The BOE’s own administrative procedures grant residents the right to photograph or record meetings: “Any person seeking to photograph, film, record, or otherwise reproduce a portion of a BOE meeting required to be open may do so, as long as the placement of the equipment does not interfere with the meeting,” the procedures read.
However, the bylaws go on to say “The BOE must be notified prior to the commencement of photographing, filming recording or other reproduction of any portion of a meeting.”
Those bylaws seem to overstep state law. The Board of Equalization qualifies as a public body subject to the rules Virginia’s Freedom of Information Act, according a 1984 opinion from the Virginia Attorney General as well as a document on the state’s FOIA Advisory Council website.
Referencing those opinions, Alan Gernhardt, an attorney with the FOIA Advisory Council, said his reading is that the BOE cannot escape the FOIA rules for public bodies. “They’re a public body,” he said.
Bradford said it’s common for news media and residents to use digital note-taking tools and it’s shouldn’t be necessary to have such a rule. “In the present day it should not be necessary to notify separately that one will be using digital devices to do news coverage,” Bradford said. ”That is a given.”
The incident raises questions about whether the BOE is properly recording its meetings and taking minutes as the Board of Supervisors directed its members to do several years ago. Supervisor Jim Burton (I-Blue Ridge) initially raised the subject because the BOE was not listing how votes were cast for its decisions and the reasoning for those decisions was unclear to Burton, based on the minutes of the meeting.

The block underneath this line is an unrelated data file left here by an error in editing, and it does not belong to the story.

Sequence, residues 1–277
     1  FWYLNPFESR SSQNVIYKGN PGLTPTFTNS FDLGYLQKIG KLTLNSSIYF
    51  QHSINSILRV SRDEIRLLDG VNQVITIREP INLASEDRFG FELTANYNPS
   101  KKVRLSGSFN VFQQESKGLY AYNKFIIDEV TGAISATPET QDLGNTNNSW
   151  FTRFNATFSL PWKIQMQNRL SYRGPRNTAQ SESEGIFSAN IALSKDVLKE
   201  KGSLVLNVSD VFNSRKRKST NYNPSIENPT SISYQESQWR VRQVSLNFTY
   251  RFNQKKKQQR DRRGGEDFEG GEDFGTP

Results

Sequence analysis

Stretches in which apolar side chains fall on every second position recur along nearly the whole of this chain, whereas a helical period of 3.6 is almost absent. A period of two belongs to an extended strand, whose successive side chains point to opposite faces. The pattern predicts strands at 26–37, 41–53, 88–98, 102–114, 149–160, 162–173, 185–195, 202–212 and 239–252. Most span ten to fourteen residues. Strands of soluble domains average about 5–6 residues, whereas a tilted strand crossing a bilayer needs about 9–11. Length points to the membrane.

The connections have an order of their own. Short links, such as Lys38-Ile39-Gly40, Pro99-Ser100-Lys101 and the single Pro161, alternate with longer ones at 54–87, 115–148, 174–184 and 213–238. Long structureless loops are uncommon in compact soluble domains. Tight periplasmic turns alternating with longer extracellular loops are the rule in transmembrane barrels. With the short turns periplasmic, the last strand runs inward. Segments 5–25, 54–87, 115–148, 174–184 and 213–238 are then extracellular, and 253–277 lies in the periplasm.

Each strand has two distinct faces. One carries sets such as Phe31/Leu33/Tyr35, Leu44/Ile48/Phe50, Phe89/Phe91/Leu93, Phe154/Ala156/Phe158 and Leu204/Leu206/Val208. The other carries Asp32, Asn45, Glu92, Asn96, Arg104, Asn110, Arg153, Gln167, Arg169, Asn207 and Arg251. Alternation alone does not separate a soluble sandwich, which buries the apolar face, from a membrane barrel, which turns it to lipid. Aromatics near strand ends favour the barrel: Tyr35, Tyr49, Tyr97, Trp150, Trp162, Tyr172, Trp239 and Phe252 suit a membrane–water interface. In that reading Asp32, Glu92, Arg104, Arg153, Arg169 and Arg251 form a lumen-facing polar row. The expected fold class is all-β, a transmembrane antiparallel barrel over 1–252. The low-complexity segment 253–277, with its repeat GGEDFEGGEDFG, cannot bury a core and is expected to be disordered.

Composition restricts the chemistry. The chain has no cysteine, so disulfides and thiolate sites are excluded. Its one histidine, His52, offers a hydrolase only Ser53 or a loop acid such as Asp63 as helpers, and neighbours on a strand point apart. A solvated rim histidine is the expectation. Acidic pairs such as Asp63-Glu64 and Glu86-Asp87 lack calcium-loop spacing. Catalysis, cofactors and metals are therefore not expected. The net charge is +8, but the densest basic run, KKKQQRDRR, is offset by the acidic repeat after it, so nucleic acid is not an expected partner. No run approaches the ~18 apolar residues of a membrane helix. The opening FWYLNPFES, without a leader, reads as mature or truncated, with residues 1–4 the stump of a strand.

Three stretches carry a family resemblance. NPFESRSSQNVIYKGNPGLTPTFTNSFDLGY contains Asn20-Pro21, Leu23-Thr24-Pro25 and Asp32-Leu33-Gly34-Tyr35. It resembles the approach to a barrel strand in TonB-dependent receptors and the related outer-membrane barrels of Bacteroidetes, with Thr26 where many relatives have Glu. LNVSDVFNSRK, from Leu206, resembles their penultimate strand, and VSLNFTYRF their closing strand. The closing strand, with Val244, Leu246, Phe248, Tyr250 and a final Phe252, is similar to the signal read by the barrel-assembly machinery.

However, it appears the BOE never began recording its meetings. The Board of Supervisors has the option of taking away the BOE’s space and staff, but has not pursued the issue. York said County Administrator Tim Hemstreet would require the BOE to record its meetings in the future.
Witnesses in the room Tuesday said the board had attempted to close the meeting to the public prior to voting on at least one item.
“It's a troubling incident, to say the least,” said Supervisor Stevens Miller (D-Dulles). “The county attorney is looking into the legal questions, but I feel that transparency should be the policy.”
“This has been a problem,” said Leesburg Supervisor Kelly Burk (D). “They think they can meet without notes or votes recorded.”
Supervisor Eugene Delgaudio (R-Sterling), who has in the past objected to scrutiny of every resident who volunteers on a board, said the meetings should be open, but did not respond regarding photography or audio recordings.
“I think these meetings by the BOE should conform with the public policy of the county building, that is only public meetings can be conducted in the building unless they involve legal or personnel issues,” he said via email. “Once the legal issues are voted on in ‘executive session’ they should be required to reopen the meeting and then take a vote publicly, just like the board of supervisors does, or vote on a statement that states ‘no action was taken.’”
Catoctin Supervisor Sally R. Kurtz (D) said it may be time for the board of supervisors to revisit the issue.